• Research your doctor. What do others say about him? Where was he educated? Is he interested in research? Is he with a private practice or a university hospital?
  • Not all treatment facilities are created equally. The US News and World Report publishes a list of best hospitals every year. The National Cancer Institute designates certain hospitals that have been proven to deliver cutting-edge cancer treatments to patients. Other hospitals also deliver excellent services, but if you are uncomfortable with the treatment you are receiving, keep looking for a facility in which you have confidence.
  • You know your body best. If something doesn’t seem right, make sure your doctor knows. And takes it seriously.
  • Keep in mind that your oncologist works for you. If, at any moment you decide he is not doing an adequate job for you, fire him. You do not have to continue trusting your life to him if he loses your faith. Your medical team holds your life in their hands. Find the ones you trust completely.
  • Conduct your own research. Look at respected sites, such as LUNGevity, American Association for Cancer Research, Bonnie Addario Lung Cancer Foundation, American Cancer Society, American Lung Association, the National Institutes of Health (NIH), etc. Make sure that you can differentiate between opinion and vetted study results. If you are aware of what is out there, you can advocate for yourself. Unfortunately, not every doctor knows what all of the latest treatments are.
  • Start a binder or a file where you keep important test results and copies of your scans. List questions for your doctor so you don’t forget when you get into his or her office.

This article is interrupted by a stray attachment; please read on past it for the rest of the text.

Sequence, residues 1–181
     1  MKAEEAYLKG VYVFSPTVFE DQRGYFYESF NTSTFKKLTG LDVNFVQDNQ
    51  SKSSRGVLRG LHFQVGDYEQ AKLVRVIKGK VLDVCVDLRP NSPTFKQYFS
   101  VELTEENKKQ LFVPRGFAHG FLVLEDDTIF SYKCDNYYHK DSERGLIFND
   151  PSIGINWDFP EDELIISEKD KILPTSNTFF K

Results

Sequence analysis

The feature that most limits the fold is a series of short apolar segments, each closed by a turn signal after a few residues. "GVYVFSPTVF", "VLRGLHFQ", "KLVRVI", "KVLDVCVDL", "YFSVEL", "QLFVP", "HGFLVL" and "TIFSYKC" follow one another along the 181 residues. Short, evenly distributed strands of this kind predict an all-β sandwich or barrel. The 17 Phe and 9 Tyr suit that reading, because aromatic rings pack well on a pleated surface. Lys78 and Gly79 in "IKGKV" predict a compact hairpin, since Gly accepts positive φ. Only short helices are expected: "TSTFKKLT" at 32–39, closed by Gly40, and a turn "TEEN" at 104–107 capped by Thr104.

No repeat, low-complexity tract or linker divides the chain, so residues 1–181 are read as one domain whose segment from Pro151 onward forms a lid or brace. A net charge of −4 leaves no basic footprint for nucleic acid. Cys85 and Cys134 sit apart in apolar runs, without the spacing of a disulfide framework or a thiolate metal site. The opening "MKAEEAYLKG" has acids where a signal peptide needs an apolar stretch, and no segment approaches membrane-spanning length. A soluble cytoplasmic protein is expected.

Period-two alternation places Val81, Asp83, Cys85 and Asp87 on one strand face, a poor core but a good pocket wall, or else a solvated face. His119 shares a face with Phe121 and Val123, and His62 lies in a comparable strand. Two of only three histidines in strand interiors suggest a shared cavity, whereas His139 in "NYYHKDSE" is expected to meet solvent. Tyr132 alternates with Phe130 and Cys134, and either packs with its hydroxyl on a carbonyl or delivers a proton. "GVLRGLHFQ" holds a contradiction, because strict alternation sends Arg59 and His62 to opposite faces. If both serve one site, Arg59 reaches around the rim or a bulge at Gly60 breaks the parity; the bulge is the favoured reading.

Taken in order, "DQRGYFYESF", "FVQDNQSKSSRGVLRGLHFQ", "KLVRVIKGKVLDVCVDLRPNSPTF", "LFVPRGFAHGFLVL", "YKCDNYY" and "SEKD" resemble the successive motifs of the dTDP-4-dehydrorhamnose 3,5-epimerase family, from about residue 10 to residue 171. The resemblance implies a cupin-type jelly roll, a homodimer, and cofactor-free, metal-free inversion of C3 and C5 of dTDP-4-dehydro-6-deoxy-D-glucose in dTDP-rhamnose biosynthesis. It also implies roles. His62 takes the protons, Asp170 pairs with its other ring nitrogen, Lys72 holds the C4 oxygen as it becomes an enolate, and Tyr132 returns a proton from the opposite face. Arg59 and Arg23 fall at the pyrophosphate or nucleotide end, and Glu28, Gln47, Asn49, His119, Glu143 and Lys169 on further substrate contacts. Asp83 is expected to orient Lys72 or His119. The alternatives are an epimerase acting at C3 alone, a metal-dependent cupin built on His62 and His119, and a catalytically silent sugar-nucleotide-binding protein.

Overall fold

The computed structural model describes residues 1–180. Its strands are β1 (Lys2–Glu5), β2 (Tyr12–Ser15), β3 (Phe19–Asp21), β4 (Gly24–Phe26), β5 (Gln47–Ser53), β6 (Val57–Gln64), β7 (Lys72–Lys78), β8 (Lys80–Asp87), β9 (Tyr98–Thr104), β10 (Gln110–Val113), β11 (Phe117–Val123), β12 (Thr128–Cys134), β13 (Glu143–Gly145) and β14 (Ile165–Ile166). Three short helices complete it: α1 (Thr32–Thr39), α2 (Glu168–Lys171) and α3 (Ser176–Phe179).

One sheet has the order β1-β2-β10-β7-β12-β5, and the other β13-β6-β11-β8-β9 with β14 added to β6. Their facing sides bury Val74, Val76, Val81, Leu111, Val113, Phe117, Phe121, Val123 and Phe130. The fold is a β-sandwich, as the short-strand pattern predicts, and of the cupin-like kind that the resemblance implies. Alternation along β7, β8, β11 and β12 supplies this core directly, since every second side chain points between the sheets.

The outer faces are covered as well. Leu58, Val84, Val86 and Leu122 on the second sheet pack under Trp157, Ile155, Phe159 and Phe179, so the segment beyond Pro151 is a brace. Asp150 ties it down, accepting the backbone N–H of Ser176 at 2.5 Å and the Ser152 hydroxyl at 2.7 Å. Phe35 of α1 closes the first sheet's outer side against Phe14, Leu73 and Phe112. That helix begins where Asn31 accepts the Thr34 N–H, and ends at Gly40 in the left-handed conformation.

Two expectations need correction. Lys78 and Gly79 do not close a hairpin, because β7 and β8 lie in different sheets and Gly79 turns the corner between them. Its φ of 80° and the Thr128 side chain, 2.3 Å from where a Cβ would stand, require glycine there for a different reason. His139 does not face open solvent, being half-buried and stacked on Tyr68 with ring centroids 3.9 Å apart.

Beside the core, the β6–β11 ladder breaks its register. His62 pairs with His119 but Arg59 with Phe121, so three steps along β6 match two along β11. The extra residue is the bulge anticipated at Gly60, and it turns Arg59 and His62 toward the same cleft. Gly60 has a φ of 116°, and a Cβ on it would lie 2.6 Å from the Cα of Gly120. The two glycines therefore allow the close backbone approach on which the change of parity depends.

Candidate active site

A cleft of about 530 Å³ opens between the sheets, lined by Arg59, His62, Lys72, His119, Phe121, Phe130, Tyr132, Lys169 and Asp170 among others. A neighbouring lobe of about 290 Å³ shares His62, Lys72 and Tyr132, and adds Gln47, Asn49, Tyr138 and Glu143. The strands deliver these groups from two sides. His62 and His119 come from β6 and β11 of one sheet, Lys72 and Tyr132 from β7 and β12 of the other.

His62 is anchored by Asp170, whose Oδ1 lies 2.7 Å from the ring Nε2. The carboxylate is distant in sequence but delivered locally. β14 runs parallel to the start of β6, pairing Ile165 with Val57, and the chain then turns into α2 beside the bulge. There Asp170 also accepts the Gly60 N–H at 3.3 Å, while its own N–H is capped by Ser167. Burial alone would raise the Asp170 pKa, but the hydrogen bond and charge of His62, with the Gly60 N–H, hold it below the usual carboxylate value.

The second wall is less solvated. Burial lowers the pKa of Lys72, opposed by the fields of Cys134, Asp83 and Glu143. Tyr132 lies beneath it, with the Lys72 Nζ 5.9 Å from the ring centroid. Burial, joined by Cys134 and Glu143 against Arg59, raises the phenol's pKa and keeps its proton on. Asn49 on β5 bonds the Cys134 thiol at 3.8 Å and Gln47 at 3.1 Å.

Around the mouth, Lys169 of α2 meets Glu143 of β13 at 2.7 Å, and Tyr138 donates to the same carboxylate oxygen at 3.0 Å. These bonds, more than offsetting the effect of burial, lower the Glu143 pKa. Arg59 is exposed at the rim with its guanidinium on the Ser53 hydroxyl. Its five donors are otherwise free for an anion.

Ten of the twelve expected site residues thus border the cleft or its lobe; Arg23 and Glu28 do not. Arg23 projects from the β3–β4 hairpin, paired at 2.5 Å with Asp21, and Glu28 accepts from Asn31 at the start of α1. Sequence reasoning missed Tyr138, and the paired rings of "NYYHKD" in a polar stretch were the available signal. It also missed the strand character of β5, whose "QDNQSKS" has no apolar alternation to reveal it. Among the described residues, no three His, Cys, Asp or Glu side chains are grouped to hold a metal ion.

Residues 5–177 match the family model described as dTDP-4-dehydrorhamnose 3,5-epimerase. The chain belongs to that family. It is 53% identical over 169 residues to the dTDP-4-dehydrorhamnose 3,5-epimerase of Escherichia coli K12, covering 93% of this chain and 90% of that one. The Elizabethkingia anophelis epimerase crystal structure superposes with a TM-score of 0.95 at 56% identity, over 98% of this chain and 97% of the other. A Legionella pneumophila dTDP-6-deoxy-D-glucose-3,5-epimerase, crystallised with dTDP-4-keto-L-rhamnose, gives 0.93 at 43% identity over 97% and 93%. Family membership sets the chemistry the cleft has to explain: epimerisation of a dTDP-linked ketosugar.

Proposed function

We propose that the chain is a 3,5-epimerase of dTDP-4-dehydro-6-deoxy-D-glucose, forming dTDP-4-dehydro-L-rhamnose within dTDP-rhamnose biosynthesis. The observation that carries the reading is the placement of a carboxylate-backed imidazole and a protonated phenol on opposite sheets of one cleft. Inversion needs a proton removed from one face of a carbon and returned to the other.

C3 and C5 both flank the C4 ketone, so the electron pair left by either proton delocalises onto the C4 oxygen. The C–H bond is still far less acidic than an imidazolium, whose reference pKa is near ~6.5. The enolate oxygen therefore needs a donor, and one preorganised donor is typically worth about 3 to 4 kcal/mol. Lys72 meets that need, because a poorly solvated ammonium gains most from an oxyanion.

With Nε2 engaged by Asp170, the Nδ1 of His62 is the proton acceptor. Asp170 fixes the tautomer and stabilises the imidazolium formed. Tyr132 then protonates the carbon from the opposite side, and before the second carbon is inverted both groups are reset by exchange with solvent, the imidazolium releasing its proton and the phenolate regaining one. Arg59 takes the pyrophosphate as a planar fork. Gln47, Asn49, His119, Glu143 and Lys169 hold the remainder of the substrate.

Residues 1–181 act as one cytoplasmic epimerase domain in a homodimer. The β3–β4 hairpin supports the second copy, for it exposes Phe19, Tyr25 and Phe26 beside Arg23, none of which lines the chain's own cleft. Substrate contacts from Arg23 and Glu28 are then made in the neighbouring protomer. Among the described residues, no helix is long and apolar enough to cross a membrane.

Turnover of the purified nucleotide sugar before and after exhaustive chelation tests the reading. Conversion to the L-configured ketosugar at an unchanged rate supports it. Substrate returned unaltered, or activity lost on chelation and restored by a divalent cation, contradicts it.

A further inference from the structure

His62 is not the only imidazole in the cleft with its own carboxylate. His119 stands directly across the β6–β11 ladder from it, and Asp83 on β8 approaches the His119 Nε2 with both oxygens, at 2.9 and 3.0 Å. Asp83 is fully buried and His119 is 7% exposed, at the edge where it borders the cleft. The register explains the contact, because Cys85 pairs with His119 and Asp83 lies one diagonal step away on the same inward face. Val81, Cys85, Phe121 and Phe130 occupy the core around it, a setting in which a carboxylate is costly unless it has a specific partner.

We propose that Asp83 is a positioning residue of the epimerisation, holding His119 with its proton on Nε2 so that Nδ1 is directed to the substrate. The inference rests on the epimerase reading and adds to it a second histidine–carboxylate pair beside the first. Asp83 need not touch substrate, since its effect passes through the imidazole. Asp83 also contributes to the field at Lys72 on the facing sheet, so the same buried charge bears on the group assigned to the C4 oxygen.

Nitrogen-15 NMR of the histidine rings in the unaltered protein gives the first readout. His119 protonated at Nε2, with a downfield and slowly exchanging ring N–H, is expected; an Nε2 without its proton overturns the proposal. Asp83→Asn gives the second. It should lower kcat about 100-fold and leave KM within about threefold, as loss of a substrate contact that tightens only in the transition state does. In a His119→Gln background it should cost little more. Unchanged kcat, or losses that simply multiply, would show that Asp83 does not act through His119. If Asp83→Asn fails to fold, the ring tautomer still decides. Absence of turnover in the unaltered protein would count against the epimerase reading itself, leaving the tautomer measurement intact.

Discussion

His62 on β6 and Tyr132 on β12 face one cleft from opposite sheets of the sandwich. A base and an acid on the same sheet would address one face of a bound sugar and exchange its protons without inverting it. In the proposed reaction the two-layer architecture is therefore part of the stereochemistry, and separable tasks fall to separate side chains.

• Take along a friend or family member to doctor visits. Two sets of ears are better than just one, especially if you receive some shocking news during the appointment.
  • Join support communities (in-person or online or both). It helps to spend time with others who “have been there, done that.”
  • One of the best organizations that I have associated with since my diagnosis is LUNGevity. It is dedicated to funding research for lung cancer and to providing HOPE to all lung cancer survivors. If you want to spend time with others who have lung cancer and exude HOPE, get involved with LUNGevity!
  • Spend time spreading the truth among your friends and acquaintances! Unlike what the general public, and unfortunately, even many doctors, believe, lung cancer doesn’t just happen to smokers. It doesn’t matter if you smoke or don’t, are white or black, male or female, young or old, skinny or fat. Lung cancer happens to people with lungs.
  • Try to maintain as normal a life as you can. Eat as healthily as possible. Drink plenty of water. Exercise as much as you are able. Smile, even if you don’t feel it. Watch happy movies and laugh. Cancer is an awful disease and none of us want it. But, it doesn’t have to consume your every thinking moment. And, it shouldn’t.

It is hard enough to be diagnosed with cancer. But, when you are diagnosed with lung cancer, it is a double whammy. The misconceptions and stigma that are associated with lung cancer can make people look down on you or discount the importance of your disease and your fight.

lung cancer survivor

Donna is now a stage 4 lung cancer survivor.

Keep your head up. Whether or not you have a smoking history, everyone deserves quality treatment and compassion. No one deserves to die from lung cancer; no one deserves to be looked down upon because of lung cancer. Set aside any feelings of shame or guilt or if you never smoked, the question “why me”.   Become a champion for yourself.  And remember, there is hope.

My story is a story of hope.

Yours can be too!